Country superstar Reba McEntire shares some insight with those who think Christian churchgoers don't have fun, as she gears up to release her first gospel album, Sing It Now: Songs of Faith & Hope.
In a recent interview with The Christian Post, McEntire shared her faith journey, her inspiration behind her gospel album and talked passionately about what Jesus really means to her.
In 2015, McEntire announced her divorce from her husband of more than 20 years. The singer credits God and her Christian faith for getting her through the split. Shortly after, McEntire signed a new deal with Nash Icon Records and her label teamed up with Capitol Christian Music Group for the release of Sing It Now: Songs of Faith & Hope.
The album was co-produced by McEntire, band leader-musical director Doug Sisemore and Jay DeMarcus of Rascal Flatts in his home studio. It highlights traditional well-known Christian hymns throughout the first 10 songs and then transitions into sincere, well-written and produced original contemporary tracks.
Below is an edited transcript of McEntire's interview in which she shares her heart for the Lord, advice for unbelievers and her testimony of faith.
Christian Post: Can you share with us what was your coming to Christ moment?
McEntire: I really don't know when that moment was because I've always known the Lord. Ever since I was a little bitty girl, grandma would read from the Bible and read us Bible stories. I talked to Susie (McEntire's sister) about this a while back and we were in the same agreement. We've known the Lord forever. There's not been a time where it was like - "Oh this is our Jesus story;" it's just always been there for us.
CP: What would you say was different about writing an album directed toward God and your faith?
McEntire: Nothing, there's nothing I did different in this album than the way I approach other albums; it's just finding more gospel-based music. A lot of the songs I sing in country-based music could be spiritual or secular. There's a lot of songs that I've done that are almost spiritual songs. Just this album itself was trying to find the best that touched my heart so that when I sing it, it'll touch your heart too.
The difference is, Doug Sizemore, my co-producer, brought this up, he said that I sounded different. That I would sing the songs different. I guess because they touched my heart so much that I was moved to the core of my soul with the songs.
CP: What would you say to people in the mainstream world that have a negative outlook on Christianity?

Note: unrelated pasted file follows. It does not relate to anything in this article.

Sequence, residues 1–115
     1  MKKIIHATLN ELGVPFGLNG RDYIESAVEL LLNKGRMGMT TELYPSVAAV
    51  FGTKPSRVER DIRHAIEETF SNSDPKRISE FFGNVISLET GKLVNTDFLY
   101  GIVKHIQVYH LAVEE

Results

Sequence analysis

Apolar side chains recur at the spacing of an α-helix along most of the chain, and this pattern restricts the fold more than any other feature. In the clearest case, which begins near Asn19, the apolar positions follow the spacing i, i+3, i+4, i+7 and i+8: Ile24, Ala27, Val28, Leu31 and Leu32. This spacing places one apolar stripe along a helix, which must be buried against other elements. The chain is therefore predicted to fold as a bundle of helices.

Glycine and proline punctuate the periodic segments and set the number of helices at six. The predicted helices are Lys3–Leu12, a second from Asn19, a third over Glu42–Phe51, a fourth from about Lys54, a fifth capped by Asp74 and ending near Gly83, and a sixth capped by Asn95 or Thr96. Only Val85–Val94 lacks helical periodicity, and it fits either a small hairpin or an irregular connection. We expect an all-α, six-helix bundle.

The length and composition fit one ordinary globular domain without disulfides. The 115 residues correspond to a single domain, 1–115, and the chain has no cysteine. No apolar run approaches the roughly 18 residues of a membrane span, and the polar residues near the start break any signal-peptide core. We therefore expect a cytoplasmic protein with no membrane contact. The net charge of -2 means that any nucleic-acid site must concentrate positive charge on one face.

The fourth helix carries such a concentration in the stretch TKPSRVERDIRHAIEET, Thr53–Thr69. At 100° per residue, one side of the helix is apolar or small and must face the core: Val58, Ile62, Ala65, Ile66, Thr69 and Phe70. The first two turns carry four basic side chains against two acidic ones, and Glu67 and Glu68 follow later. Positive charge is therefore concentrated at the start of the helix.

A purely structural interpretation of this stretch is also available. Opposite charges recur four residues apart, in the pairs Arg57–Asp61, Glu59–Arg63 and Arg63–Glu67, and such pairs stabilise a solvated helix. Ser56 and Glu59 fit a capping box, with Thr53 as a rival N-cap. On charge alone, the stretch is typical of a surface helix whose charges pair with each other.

McEntire: I just feel like the people who are discouraged about religion, it's [really] the connotation of people that go to church. People that go to church love the Lord and they like to be around people who love the Lord. It's a fellowship and it's a growth and it's a feeding for them that when they're in a social group of people who believe, it makes them grow spiritually.
People who don't believe in the religious connotation feel like if they're in the religious sector in that group that they will not be able to have any fun anymore. I totally disagree with that theory. I don't see where it has to be black or white. Why can't it just be in the middle? And everybody still have a great time talking about the Lord, enjoying that fellowship in a group Bible study and still enjoy life. Why can't it be in the middle where everybody is comfortable? Loving the Lord, praising everything that He does for us, and just loosen up.
CP: Why would you encourage people to turn to God as some of your songs on your new album suggest?
McEntire: I can't imagine living a life without God in my life. He is my best friend, He's my buddy, He's the one that I talk to when there's no one around. I talk to Him when people are around a lot too. He's my confidant, He's my advisor, He's my director. I just don't know why you wouldn't want that in your life. He's just like a bodyguard, He is your protector.
He does neat things for my entertainment, and my enjoyment. I got in the car the other day and I was driving and I turn the corner and there was the most beautiful rainbow. And I was like, "Wow, thanks for letting me see that." It's just the beautiful things that I get to see and hear and smell. One of the songs says, "There is a God, how much more proof do you need?"
CP: In the song "God and My Girlfriends," you talk about having a community that helps you overcome difficult times. Can you talk about the importance of a faith-based community?
McEntire: This song "God and My Girlfriends" is a song that I thought I could release as a country record. I've had it for probably six years and I thought, "Man this is a great song." But it just never did make the cut before this gospel album, it was perfect for it.
Because of the last two years I've had some difficult times going through the divorce, and my relationship with God and my faith in God has helped me tremendously. And not only has God helped me but my girlfriends have helped me. They've been there for me — to help me vent and talk through stuff. So this song fit me perfectly; it's almost autobiographical for me.
CP: Is there anything else you'd like to add?
McEntire: I'm glad that I've got this opportunity to record an album. I thank Nash icon at capitol Christian music records for allowing me to do this because it is something that I've always wanted to do. I didn't do it in the past because my little sister sings gospel music and she's had several albums out and so I'm really grateful that I got to do this. I hope everybody enjoys the album as much as I have enjoyed to record it.
Sing It Now: Songs of Faith & Hope will be available on Friday, Feb. 3. For more information about the album, visit Reba.com.